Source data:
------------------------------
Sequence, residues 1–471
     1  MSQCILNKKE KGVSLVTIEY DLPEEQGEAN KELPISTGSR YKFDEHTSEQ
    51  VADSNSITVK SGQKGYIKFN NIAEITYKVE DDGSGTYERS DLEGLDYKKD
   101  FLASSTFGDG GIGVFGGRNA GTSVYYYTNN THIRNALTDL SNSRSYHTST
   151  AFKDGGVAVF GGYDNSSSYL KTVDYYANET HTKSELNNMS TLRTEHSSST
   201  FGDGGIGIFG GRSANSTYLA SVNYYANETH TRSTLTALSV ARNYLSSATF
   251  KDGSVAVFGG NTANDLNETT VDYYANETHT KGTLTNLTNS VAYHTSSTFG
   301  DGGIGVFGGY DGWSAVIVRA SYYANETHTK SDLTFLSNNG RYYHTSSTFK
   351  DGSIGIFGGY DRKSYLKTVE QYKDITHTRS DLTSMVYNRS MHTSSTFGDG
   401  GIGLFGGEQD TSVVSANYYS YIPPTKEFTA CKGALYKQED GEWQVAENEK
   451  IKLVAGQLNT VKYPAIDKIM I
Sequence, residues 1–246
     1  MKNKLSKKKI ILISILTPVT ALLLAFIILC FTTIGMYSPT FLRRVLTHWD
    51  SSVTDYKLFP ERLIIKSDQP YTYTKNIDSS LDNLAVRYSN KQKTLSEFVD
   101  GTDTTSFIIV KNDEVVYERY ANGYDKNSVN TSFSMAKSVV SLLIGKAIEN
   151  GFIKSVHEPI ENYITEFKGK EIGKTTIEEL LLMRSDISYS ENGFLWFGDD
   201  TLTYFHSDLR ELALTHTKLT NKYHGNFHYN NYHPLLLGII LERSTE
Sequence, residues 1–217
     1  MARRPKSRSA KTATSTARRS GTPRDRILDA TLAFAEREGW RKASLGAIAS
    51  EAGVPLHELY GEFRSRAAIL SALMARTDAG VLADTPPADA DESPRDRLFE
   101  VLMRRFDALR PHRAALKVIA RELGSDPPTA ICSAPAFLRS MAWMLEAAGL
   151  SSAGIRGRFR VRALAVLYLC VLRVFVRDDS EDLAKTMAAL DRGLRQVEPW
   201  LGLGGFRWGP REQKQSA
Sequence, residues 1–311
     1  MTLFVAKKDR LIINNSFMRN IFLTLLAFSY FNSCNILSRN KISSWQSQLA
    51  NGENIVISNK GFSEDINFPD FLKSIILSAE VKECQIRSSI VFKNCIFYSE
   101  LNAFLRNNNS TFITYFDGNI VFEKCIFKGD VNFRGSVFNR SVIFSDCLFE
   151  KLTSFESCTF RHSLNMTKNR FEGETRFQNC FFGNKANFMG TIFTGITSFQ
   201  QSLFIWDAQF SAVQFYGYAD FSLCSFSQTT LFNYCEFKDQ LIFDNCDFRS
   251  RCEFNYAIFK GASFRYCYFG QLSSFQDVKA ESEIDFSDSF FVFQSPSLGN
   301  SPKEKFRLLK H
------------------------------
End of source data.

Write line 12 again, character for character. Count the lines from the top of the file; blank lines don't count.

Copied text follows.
Sequence, residues 1–246